Bringing the Gods Onstage: Anthropomorphic Deities in Plautus' Amphitruo and Moliere's Amphitryon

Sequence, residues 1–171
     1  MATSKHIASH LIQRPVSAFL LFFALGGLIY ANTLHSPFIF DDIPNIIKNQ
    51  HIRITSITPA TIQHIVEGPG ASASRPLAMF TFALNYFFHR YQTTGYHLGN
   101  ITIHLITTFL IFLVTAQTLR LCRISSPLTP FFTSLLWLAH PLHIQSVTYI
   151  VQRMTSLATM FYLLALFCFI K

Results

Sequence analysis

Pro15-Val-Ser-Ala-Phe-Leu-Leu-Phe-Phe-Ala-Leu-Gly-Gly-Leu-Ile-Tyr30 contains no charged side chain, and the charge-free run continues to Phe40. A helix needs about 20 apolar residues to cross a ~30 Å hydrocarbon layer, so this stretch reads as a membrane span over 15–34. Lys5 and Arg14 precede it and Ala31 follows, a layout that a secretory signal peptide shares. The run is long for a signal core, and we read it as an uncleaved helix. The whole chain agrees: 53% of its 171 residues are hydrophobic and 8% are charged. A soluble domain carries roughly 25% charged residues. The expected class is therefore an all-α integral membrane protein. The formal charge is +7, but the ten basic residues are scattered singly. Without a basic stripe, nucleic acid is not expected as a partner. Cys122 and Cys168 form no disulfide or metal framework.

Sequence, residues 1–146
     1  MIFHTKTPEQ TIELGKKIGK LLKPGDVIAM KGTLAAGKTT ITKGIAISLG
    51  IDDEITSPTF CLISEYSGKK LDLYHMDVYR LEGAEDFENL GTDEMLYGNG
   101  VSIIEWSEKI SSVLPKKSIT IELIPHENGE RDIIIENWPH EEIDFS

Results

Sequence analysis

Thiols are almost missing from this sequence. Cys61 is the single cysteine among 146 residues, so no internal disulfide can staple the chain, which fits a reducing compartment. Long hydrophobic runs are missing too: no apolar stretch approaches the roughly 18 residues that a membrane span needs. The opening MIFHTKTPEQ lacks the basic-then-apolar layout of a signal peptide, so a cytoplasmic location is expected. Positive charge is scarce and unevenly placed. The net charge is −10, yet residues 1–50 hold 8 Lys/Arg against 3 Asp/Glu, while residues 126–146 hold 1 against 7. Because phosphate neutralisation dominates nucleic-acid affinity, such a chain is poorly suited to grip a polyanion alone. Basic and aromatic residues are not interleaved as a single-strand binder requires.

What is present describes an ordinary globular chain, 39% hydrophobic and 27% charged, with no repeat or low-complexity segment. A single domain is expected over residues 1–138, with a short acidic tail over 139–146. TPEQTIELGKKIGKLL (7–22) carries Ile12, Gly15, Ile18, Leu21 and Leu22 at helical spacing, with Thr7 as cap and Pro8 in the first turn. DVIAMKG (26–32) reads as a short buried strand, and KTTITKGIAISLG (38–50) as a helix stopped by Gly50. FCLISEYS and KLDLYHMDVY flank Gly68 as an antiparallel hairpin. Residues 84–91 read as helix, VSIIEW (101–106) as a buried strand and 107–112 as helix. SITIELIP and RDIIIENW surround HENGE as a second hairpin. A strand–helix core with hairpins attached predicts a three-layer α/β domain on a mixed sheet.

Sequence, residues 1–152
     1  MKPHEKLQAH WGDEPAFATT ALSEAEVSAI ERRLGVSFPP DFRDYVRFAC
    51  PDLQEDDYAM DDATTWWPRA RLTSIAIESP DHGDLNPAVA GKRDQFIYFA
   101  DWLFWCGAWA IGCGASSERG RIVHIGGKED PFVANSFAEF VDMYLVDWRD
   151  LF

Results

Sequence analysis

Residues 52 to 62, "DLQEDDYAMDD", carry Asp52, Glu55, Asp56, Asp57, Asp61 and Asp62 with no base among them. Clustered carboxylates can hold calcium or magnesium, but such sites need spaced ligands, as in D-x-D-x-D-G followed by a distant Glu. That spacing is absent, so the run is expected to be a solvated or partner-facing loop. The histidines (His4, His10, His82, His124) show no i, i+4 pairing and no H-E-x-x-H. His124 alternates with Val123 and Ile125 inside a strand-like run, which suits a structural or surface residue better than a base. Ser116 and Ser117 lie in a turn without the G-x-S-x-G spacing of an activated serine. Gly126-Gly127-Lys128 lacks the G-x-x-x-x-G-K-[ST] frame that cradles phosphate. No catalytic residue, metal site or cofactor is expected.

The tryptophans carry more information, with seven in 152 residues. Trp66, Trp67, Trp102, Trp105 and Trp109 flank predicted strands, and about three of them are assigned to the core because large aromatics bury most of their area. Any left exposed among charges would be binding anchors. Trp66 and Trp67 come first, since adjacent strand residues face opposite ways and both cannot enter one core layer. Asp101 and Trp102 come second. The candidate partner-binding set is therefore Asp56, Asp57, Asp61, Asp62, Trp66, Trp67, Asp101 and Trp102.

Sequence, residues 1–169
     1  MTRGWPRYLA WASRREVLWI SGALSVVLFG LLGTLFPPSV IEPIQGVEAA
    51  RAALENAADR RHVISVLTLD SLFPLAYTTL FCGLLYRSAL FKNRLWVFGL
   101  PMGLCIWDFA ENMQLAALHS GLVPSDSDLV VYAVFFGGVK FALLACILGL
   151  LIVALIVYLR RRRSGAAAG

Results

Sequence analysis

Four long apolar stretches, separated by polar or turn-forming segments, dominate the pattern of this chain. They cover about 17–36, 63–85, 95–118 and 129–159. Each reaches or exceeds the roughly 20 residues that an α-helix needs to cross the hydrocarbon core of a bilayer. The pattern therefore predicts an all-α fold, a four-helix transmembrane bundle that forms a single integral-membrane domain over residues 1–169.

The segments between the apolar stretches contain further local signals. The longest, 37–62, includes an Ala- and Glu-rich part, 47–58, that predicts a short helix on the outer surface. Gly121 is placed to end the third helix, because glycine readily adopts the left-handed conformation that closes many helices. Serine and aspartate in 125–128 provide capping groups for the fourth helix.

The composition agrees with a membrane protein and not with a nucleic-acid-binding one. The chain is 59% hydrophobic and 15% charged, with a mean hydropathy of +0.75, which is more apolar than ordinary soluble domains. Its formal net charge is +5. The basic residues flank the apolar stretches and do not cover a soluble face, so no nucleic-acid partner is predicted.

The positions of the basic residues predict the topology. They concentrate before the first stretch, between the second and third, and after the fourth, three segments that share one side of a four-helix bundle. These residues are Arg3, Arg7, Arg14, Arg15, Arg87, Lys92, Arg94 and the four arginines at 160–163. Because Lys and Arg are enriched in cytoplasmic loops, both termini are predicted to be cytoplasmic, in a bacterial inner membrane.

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Plautus’ "Amphitruo" and Molière’s adaptation are divine burlesque plays that depict surreal scenes of divine cuckoldry and mistaken identity. In these plays a highly comic figure of reverse-anthropomorphism is employed, by which gods are seen in the image of contemporary humans. The gods of Plautus’ play are presented as members of the ancient Roman theatre troupe through the violation of dramatic illusion; the Roman comedian uses his powers as a god-like creator of the comic spectacle to mock the self-important general Amphitryon in a festival atmosphere. In Molière’s adaptation, the god Jupiter is a transparent symbol for Louis XIV, who has the power to engage in sexual affairs regardless of moral consequences due to his god-like status. Thus, in both plays, anthropomorphism is a comic figure which sees humans of the contemporary social world as god-like in order to engage in comic social critique and class-oriented humor.